Investigation of heterotic patterns and genetic analysis of Downy mildew resistance in Mozambican lowland maize (Zea mays L.) germplasm.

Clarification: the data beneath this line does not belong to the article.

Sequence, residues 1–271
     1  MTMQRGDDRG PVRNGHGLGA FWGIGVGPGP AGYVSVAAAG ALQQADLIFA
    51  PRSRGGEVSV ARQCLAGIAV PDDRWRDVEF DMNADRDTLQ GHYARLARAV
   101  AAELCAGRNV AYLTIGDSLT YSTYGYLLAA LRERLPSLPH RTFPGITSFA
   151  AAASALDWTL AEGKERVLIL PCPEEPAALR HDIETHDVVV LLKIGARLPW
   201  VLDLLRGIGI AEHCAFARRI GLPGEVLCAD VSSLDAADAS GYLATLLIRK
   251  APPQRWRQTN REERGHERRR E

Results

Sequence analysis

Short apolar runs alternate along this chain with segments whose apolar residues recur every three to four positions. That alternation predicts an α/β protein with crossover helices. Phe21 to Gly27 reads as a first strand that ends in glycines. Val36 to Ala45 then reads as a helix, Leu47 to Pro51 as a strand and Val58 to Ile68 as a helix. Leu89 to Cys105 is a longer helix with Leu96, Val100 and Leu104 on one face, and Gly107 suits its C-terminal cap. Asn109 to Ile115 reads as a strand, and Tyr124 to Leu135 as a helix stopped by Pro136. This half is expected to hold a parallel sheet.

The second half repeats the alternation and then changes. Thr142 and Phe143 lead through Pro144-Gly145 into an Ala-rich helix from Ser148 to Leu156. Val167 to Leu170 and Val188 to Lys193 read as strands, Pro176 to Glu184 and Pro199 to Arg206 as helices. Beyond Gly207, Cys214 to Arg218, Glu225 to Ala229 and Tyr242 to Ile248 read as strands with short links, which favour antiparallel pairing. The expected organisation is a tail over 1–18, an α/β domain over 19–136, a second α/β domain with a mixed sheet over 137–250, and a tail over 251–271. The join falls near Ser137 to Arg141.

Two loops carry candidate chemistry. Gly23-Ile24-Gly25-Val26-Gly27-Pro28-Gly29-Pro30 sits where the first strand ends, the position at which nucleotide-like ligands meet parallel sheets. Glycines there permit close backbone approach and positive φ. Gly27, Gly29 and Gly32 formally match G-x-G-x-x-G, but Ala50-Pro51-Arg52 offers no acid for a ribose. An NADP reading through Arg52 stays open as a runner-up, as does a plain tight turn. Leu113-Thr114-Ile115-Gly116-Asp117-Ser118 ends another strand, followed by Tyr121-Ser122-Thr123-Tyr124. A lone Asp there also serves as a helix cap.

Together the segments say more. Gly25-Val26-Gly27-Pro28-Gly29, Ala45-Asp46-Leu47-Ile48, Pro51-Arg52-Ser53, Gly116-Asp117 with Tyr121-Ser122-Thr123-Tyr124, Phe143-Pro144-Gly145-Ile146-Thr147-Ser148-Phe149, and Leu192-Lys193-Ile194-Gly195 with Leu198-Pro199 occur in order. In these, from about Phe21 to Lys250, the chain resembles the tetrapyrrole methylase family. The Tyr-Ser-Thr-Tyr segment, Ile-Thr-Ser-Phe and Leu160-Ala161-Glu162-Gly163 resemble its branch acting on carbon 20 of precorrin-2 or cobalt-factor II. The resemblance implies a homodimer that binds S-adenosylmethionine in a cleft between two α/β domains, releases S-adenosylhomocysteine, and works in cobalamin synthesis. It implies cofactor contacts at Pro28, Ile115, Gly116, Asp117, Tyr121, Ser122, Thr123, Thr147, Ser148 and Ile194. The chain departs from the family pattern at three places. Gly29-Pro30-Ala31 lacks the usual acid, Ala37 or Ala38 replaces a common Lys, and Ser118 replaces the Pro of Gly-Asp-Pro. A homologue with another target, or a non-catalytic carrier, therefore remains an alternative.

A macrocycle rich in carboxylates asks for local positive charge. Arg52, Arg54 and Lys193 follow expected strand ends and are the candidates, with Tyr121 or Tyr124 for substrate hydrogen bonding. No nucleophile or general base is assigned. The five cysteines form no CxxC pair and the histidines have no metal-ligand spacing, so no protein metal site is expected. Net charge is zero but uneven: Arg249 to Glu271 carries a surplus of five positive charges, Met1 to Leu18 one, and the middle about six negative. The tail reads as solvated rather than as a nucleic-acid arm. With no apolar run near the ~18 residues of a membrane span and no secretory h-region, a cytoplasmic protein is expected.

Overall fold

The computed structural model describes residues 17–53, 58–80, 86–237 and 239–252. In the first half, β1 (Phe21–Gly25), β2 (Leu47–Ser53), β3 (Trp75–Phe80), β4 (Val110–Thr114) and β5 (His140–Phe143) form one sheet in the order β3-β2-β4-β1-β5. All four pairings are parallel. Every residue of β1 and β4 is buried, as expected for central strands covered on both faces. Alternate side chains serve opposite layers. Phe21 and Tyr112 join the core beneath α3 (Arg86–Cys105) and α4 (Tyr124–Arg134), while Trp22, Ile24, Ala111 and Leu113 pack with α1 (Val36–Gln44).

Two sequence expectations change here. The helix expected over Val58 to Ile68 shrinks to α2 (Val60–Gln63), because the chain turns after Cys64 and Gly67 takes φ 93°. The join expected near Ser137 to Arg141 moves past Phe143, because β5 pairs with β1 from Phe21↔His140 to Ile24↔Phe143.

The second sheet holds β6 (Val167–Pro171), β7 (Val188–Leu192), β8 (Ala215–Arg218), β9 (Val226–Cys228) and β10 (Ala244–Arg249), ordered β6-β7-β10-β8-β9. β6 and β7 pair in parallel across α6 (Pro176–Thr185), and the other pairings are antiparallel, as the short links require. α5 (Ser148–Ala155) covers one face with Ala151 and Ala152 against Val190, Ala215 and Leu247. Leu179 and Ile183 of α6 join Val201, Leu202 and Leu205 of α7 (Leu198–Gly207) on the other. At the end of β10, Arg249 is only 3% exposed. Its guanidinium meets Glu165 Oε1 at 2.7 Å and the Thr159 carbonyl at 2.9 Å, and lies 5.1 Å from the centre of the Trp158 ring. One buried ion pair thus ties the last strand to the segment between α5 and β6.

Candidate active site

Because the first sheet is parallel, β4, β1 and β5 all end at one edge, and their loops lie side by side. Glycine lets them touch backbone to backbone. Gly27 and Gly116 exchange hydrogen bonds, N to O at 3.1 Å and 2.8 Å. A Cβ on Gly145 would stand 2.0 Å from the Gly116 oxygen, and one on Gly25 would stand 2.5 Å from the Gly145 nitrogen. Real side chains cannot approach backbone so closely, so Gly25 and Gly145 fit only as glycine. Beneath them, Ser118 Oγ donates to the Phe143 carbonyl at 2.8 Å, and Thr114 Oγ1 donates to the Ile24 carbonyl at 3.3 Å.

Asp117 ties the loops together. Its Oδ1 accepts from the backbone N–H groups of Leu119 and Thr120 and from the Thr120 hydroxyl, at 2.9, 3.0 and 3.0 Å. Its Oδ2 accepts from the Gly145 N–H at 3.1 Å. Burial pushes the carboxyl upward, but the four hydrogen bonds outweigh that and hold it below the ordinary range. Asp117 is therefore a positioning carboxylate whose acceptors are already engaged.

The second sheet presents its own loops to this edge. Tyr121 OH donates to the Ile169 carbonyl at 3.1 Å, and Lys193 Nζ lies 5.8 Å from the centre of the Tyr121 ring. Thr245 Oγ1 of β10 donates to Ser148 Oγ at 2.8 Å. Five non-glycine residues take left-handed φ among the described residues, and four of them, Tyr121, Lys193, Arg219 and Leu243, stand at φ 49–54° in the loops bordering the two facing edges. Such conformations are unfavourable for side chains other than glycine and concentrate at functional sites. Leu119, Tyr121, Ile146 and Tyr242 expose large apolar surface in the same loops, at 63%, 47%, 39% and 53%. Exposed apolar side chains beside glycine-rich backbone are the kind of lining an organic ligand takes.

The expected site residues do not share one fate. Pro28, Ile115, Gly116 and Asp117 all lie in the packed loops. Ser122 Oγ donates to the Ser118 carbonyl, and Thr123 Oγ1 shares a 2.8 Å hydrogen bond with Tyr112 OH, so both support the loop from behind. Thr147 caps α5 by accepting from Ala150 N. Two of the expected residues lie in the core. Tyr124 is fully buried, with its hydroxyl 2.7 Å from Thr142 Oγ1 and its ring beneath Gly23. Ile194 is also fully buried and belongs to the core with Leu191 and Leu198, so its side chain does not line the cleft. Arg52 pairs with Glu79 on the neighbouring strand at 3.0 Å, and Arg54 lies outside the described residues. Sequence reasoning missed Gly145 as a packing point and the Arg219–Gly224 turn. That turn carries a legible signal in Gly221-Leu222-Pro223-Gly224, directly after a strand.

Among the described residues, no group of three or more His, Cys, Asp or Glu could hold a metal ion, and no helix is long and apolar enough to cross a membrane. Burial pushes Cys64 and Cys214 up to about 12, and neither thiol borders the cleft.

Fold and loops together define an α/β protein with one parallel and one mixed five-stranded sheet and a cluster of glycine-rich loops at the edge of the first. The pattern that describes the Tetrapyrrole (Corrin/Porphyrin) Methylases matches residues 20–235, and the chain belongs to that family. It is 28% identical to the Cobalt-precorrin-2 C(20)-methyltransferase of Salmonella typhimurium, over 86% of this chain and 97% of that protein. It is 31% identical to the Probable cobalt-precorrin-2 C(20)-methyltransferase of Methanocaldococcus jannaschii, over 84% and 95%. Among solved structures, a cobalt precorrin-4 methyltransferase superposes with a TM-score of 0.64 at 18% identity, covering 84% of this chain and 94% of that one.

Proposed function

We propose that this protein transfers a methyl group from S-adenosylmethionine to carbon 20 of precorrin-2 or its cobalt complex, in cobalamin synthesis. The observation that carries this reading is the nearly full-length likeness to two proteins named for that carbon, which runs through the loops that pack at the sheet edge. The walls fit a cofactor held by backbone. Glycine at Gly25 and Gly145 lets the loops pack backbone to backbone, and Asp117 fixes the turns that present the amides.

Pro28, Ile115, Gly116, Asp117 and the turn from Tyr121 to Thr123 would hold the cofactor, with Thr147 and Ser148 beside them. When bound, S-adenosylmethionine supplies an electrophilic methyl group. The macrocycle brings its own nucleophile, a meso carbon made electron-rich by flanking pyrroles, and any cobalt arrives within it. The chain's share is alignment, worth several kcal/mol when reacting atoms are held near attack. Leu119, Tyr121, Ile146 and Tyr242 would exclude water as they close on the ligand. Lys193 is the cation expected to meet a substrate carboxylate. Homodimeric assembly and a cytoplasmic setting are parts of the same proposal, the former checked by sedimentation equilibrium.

In Southern Africa and Mozambique, tropical lowland accounts for 22% and 65%, respectively, of area under maize production, but grain yield is compromised by downy mildew disease (DM, which is caused by Peronosclerospora sorghi (Weston and Uppal) Shaw), and lack of appropriate varieties, especially hybrids. Among other factors, productivity can be enhanced by deploying DM resistant hybrids, which are higher yielding than open pollinated varieties. Development of a viable hybrid-breeding programme requires knowledge of genetic effects governing yield and DM resistance in inbreds, and effective germplasm management requires heterotic groups and heterotic patterns to be established. In addition, knowledge of farmer-preferred traits is required. Currently, such information is not available to the hybrid-breeding programme in Mozambique. The objectives of this study were, therefore; i) to identify farmers’ preferred variety traits and major production constraints, ii) to determine combining ability effects of inbred maize S4 lines for grain yield and DM resistance, iii) to determine heterotic groups and heterotic patterns among the elite inbred maize lines, and iv) to investigate gene effects governing resistance to DM in breeding source inbred maize lines from the breeding programme in Mozambique. During 2007/08, 142 households were involved in a survey conducted in three districts representing two maize agro-ecological zones in Mozambique. Formal surveys and informal farmer-participatory methods were employed and data subjected to analysis in the SPSS computer programme. Results indicated that there was a low utilization of improved varieties, especially hybrids, with grain yield estimated at 0.7 t ha-1. Farmers were aware of the major production constraints and could discriminate constraints according to their importance for their respective communities. For the lowland environment, farmers identified downy mildew, drought, and cutworm and stem borer damage as the main constraints. In contrast, for the high altitude environments, they ranked ear rot, seed and fertilizer availability, turcicum leaf blight, grey leaf spot diseases and low soil fertility among the major constraints limiting productivity. The most important variety selection criteria were grain yield, short growth cycle, white and flint grain with stress tolerance to drought, low soil fertility, diseases, and grain weevils. These afore mentioned traits, would be priority for the breeding programmes for the lowland and mid altitude environments in Mozambique. To determine combining ability for downy mildew resistance, heterotic groups and heterotic patterns, two testers (open-pollinated varieties) ZM523 (Z) and Suwan-1 (S), were crossed with 18 lines to generate 36 top crosses for evaluation. Crosses were evaluated at two sites under DM. Preponderance of GCA effects indicated that additive gene effects were more important than non-additive gene effects in governing both grain yield and downy mildew resistance in the new maize lines. Based on specific combining ability (SCA) data, lines for yield were classified into two heterotic groups, S and Z; whereas based on heterosis data, lines were fitted into three heterotic groups (S, Z and SZ). Further heterotic patterns and gene action for yield were determined by subjecting nine inbred lines and the two testers, S and Z, to an 11 x 11 diallel-mating scheme. The diallel crosses, three hybrid checks and the two testers were evaluated in six environments in Mozambique. Results revealed that non-additive gene effects were predominant for yield components. In addition, high levels of heterosis for yield was observed and three heterotic groups identified (Z, S and S/Z), and five exceptional heterotic patterns among the inbred elite maize lines were observed. Topcrosses with yield levels comparable to single cross hybrids were also identified, and these would be advanced in the testing programme with potential for deployment as alternative cheaper and sustainable technology to conventional hybrids for the poor farming communities in Mozambique. To determine gene effects for downy mildew resistance in potential breeding lines, two maize populations were derived from crosses between downy mildew susceptible line LP67, and resistant lines DRAC and Suwan-L1. To generate F2 and backcross progenies (BCP1 and BCP2), F1 progenies were self-pollinated and simultaneously crossed to both inbred parents (P1 and P2). All the six generations (P1, P2, F1, F2, BCP1, and BCP2) of the populations were evaluated at two sites under downy mildew infection. A generation mean analysis was performed in SAS. It was revealed that downy mildew resistance was influenced by genes with additive and dominance effects, plus different types of epistatic effects such as additive x additive, and dominance x dominance. Overall results indicated that genes with predominantly non-additive effects controlled resistance in DRAC, whereas resistance in Suwan-L1 was largely influenced by additive gene effects. These findings have serious implications on the effective use of these downy mildew resistance sources in breeding programmes that aim to generate varieties with downy mildew resistance. Overall, results suggested that inbreeding and selection within heterotic groups, followed by hybridization between inbreds within and across heterotic groups would be effective to generate new hybrids. The breeding programme will consider development of conventional hybrids, such as single crosses and three way crosses, and top crosses. Implications of the findings of the study and recommendations are discussed.
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